It’s inevitable something will be forgotten in the excitement of sending a child to college. Tuition? Paid. Books ordered? Check. Shopping? Completed. Insurance taken care of? Oops.
Insurance is often overlooked in the scramble. But relying on existing coverage — or a lack of it — can end up costing families. Parents don’t need lots of additional insurance as they pack a kid off to college. But they had better at least review their coverage. Some key factors:
■ Health: Many colleges require health insurance. Most parents meet that by keeping their children on their plan, which federal law allows until age 26. If the college is in another state, it’s important to check whether your plan’s network of preferred doctors and hospitals extends there.
School-sponsored health plans usually cost hundreds of dollars per semester. Many also cap coverage and require that most care be provided through the student medical center. These options are best for students whose parents don’t have health insurance. An alternative would be an individual health insurance plan. A student should be able to obtain a policy that costs no more than $150 a month.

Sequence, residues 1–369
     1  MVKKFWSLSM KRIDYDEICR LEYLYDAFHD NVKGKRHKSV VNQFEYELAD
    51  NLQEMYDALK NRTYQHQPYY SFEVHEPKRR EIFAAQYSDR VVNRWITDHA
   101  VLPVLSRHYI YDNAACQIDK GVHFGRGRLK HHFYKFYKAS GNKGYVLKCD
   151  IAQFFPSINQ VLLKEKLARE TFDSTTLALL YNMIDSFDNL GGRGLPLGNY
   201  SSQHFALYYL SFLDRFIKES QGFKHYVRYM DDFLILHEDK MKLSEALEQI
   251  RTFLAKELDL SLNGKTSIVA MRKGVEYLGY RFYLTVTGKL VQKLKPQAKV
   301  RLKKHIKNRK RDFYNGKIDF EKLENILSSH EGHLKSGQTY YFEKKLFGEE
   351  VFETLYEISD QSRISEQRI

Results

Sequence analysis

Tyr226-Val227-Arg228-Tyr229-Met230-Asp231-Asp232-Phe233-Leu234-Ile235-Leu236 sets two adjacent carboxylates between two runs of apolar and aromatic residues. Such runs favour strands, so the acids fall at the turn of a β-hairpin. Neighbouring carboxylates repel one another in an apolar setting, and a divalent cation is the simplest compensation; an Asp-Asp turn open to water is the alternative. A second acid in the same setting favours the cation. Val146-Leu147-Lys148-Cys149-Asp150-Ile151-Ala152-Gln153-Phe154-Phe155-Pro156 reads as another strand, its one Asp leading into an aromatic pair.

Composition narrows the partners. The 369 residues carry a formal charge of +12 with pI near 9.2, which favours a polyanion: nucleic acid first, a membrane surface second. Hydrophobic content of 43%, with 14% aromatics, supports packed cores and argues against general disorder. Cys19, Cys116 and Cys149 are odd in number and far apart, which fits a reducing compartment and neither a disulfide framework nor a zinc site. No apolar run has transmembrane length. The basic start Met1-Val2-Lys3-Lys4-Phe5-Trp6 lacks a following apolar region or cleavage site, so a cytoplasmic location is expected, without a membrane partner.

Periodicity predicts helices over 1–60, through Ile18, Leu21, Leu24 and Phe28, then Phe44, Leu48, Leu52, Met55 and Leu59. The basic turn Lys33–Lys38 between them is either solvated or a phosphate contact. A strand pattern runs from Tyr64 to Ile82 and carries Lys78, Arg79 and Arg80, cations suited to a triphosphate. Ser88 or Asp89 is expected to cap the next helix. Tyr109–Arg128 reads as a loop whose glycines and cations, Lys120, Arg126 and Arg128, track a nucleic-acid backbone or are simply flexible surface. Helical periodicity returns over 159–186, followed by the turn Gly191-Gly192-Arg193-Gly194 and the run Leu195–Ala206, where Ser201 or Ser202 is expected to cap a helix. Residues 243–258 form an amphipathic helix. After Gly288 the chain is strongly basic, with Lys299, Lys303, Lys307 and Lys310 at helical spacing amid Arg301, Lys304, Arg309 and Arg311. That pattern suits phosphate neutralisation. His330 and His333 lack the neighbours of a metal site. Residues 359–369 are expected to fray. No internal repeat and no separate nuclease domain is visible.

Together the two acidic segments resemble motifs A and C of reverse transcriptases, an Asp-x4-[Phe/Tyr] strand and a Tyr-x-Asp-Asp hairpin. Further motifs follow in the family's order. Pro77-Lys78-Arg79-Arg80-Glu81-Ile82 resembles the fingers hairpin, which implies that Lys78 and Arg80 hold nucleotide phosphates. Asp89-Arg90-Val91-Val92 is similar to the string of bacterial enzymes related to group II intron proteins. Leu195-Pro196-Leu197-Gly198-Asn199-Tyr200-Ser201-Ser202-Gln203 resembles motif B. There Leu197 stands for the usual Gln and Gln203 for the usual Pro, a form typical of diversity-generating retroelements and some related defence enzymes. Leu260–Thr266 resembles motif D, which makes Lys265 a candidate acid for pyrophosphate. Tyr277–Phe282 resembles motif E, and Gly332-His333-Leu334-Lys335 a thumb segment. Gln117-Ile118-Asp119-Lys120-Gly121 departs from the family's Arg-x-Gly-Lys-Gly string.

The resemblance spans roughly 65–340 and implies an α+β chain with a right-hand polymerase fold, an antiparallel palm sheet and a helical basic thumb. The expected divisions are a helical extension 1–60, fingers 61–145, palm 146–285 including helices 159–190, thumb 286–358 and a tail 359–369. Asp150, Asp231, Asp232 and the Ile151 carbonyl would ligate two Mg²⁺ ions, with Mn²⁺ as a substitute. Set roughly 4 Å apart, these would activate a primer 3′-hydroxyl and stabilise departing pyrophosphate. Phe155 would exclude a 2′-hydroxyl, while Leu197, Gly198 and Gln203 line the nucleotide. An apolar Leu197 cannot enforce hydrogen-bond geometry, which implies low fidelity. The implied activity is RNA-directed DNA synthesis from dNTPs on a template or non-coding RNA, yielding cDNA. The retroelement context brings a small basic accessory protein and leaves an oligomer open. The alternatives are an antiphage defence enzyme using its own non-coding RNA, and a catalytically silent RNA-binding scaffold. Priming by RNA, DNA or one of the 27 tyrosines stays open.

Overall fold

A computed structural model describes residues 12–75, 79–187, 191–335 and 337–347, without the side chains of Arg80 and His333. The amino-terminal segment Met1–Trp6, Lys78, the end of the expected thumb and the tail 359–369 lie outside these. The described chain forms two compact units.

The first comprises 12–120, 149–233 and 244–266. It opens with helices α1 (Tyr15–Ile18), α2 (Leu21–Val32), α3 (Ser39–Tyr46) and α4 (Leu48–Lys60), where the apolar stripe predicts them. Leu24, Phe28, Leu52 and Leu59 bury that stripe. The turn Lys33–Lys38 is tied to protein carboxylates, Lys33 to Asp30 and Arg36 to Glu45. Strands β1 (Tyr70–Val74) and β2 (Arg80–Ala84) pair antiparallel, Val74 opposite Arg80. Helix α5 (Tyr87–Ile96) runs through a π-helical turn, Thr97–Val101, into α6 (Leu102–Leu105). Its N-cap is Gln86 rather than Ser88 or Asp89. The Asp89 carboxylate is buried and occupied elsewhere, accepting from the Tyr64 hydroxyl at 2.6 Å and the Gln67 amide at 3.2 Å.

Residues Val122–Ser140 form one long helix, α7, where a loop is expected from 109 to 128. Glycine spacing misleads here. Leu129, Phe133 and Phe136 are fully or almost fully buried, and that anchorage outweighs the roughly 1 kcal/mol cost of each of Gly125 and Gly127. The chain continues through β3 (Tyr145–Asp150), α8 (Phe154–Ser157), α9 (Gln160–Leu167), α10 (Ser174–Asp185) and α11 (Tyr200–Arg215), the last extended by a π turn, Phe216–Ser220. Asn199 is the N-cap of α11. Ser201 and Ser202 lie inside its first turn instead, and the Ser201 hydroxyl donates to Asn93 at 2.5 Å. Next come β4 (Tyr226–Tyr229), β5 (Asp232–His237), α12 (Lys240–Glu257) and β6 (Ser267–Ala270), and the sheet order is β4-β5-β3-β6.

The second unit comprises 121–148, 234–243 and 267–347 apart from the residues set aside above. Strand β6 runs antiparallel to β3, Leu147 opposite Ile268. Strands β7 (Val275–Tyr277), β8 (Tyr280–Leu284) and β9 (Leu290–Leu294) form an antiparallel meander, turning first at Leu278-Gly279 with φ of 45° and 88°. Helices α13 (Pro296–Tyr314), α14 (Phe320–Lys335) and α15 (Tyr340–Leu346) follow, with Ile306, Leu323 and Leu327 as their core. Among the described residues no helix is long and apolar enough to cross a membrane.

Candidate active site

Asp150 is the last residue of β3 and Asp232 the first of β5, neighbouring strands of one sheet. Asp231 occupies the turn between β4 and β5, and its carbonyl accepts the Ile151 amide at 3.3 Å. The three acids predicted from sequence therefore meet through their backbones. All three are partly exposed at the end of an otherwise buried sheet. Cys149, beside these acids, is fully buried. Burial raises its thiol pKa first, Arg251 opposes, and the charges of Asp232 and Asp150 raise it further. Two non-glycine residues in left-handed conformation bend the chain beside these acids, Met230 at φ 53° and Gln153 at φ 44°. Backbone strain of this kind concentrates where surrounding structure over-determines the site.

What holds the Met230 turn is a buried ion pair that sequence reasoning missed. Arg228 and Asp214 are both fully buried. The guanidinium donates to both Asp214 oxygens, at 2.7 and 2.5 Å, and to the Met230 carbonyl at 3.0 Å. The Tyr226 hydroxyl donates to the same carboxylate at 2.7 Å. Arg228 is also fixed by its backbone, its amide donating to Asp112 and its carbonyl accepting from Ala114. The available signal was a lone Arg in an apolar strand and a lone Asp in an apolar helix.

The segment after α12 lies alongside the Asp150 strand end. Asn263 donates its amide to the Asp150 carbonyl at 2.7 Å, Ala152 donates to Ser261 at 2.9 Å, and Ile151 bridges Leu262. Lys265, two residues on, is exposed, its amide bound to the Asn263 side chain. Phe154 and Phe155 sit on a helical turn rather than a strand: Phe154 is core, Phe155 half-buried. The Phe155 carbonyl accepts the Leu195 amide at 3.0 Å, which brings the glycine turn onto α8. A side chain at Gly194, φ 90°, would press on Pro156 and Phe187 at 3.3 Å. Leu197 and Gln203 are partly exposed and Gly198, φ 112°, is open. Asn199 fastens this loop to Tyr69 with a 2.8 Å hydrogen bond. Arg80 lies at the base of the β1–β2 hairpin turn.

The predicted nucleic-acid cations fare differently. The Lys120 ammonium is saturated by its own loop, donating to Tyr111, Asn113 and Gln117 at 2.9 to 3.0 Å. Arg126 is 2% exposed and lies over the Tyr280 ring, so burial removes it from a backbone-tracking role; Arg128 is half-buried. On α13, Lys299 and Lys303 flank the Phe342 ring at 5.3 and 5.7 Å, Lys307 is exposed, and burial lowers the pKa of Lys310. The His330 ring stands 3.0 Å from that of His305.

■ Auto: Car insurance is an area where families can actually save money. Premiums may be reduced 10 to 20 percent if the student attends a college more than 100 miles away and does not take a car. And, car on campus or not, some insurers also offer a ‘‘good student discount’’ for those who maintain a B average or higher.
Personal property: It’s not unusual for students to have thousands of dollars of electronic gadgets and other belongings —
Photographing each expensive possession can help ensure you’ll get proper replacement value.
To protect against items being lost, or for extra coverage with a lower deductible, renters insurance is available, usually for $150 to $200 a year. Deductibles can be as low as $50.
Anyone living off-campus will need a separate renters policy, as will each roommate.
■ Tuition: Tuition refund insurance gets your money back if a student withdraws from college, generally only for documented medical reasons or the death of the student or parent.
‘‘It’s not something that you really need, and it’s relatively expensive,’’ says Mark Kantrowitz, founder of the financial aid site FinAid.org.
But parents may want to think about buying it if they’re paying all the costs at an expensive school without financial aid, or if the child has a serious medical condition.
■ Travel: Insurance can help cover costs of a semester abroad marred or lost because of illness, accident, theft, or other setbacks. Exclusions vary widely. Check with the college first, and carefully read the fine print of any policy.
Dave Carpenter writes for the Associated Press.